3. CONCLUSIONS AND PERSPECTIVES The implementation of the digital documentation could provide a useful 3D model for the interactive mapping of the increasing results. The first next step may be a very high defined digital acquisition. Geophysical survey may confirm the shape and size of the fragments, their articulation and the presence of iron clamps. The investigated fragment of KV17 is the result of
several repaintings, retouches and protective treatments. The diagnostic essay performed and the preliminary results obtained proved that the combination of the imaging techniques together with elemental and molecular spectroscopies is a powerful tool for the knowledge of the materials. Its high potential open many research directions. On one hand the need of an extended study of the relief is evident, on the other hand many aspects were highlighted that deserve to be further investigated. A complete UVf examination would allow to better highlight the areas subjected to overpainting or retouches. In addition, the findings obtained till now, would address a new and more representative essay by punctual analysis. However, in few and limited areas, a micro-sampling could be considered as an additional and strategic tool to implement the material knowledge of this artifact. The analysis of the traces could be extended to working traces or overlapping layers. Ordered in chronological sequences, they will allow a better identification of some phases of the life cycle of this object, before and after its discovery, inside and out of the tomb. A monitoring campaign of some environmental parameters began, to verify the general conservation conditions. It could provide risk levels by more accurate data on the nature and stability of degenerative phenomena and their evolution speed. In the perspective of contributing to the knowledge of the original building, the study could be developed in comparison with the relief exhibited at the Louvre Museum. Similarities and differences between the two reliefs could be highlighted, due to the phases and the modes of realization (teams of decorators) or subsequent transformations. Investigations could increase scientific cooperation projects between institutions which keep other detached fragments from the tomb of Seti I.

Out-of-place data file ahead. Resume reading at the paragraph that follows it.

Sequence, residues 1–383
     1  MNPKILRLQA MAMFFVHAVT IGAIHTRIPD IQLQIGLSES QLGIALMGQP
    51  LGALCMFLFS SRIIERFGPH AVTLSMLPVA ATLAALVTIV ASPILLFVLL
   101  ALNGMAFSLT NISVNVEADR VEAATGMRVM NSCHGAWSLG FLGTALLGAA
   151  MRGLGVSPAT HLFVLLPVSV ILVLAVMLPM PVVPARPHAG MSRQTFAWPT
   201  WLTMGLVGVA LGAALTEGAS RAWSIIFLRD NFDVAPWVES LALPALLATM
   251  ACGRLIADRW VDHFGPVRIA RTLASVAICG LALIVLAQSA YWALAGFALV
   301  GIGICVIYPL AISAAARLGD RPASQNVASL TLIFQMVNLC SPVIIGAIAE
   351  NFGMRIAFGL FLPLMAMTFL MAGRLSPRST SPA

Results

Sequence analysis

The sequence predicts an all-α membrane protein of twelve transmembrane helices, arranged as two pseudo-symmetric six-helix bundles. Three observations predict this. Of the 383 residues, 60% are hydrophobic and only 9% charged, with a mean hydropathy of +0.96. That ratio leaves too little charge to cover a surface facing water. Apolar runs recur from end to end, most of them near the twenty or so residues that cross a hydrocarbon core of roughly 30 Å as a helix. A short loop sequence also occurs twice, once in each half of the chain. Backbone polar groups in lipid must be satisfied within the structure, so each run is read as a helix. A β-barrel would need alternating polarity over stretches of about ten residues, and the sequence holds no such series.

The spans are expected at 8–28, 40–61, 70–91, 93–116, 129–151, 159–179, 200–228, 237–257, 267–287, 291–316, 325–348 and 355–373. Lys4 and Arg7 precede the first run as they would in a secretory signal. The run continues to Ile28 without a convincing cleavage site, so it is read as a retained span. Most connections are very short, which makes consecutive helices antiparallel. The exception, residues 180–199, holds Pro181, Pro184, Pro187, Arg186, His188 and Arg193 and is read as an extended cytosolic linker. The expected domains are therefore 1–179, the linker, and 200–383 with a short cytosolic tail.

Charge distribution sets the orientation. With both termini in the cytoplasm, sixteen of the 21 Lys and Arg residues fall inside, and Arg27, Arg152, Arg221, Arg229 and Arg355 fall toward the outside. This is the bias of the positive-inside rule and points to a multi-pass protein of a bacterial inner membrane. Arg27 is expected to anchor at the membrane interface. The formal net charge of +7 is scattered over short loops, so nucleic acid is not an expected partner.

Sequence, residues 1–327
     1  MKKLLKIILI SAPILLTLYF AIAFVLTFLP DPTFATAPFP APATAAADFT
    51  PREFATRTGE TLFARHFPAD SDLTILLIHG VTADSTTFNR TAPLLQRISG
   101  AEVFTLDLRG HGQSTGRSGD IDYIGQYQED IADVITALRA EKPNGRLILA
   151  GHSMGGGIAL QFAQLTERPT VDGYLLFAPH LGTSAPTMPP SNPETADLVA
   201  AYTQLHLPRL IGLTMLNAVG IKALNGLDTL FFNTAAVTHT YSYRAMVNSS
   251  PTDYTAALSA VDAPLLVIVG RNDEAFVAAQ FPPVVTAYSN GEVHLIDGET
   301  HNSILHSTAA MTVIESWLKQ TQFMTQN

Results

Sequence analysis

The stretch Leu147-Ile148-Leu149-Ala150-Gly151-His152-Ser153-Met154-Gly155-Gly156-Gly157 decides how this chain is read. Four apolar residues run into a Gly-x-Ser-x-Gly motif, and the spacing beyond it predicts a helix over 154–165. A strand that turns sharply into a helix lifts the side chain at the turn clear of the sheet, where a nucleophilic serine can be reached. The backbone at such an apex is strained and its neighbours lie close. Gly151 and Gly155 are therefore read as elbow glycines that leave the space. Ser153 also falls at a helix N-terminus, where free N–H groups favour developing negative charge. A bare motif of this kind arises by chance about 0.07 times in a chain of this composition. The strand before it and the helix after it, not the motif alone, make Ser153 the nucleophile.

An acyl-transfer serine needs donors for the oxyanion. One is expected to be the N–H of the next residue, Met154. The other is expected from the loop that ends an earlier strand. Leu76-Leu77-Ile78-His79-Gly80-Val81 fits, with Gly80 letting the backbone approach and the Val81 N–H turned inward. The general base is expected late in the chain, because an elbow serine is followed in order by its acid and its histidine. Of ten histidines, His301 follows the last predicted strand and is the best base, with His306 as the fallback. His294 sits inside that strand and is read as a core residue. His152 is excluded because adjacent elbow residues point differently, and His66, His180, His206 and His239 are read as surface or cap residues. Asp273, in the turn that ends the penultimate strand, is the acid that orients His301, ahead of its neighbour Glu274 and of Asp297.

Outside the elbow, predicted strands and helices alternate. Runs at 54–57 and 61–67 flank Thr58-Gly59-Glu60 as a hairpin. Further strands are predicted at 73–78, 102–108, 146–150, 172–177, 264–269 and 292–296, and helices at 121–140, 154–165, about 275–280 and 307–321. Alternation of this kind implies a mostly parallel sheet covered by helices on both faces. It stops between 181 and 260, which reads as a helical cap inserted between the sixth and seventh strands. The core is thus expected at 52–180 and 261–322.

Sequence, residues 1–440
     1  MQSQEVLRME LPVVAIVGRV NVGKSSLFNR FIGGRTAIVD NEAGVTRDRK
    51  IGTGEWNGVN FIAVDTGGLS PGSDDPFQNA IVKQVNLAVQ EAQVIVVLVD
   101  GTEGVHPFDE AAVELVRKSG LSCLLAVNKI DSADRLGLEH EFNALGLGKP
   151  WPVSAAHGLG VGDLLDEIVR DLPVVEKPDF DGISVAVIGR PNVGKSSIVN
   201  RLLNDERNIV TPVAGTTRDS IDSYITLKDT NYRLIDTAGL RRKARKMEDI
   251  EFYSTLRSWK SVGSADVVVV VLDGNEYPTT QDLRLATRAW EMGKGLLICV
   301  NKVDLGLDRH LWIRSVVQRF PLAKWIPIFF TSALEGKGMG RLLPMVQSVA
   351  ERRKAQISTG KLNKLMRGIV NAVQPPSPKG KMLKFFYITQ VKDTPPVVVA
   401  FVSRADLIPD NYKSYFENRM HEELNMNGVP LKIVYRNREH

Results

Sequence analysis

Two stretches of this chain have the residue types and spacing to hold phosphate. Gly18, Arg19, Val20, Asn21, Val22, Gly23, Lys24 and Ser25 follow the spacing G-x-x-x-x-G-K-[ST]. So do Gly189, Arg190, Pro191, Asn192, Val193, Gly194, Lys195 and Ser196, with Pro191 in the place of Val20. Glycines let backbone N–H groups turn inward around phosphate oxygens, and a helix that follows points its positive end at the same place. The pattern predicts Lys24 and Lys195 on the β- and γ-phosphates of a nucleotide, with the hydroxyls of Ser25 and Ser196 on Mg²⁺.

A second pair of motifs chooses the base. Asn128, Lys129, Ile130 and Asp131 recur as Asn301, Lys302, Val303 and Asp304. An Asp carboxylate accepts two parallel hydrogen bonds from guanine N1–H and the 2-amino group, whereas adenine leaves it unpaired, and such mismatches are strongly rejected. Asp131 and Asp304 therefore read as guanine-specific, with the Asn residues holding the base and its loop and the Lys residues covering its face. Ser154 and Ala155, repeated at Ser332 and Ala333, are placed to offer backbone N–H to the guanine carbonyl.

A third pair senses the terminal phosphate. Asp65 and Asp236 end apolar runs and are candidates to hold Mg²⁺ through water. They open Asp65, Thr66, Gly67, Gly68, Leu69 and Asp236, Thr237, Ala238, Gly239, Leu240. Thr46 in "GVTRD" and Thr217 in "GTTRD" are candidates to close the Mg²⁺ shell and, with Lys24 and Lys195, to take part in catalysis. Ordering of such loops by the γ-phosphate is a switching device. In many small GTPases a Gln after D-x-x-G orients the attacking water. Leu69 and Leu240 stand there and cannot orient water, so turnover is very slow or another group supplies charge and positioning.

Figure 12. Visible and Uvf images of the integrated area on the skirt of Sethi I. the repainted area is clearly distinguishable.
Special acknowledgements must be paid to the Florence Archaeological Museum, especially in the person of M. Cristina Guidotti, Director of the Egyptian Section, for supporting the project with a longlasting view and perspective. We also thank the RAM restoration enterprise for providing tools and products, essential for the first development of the study.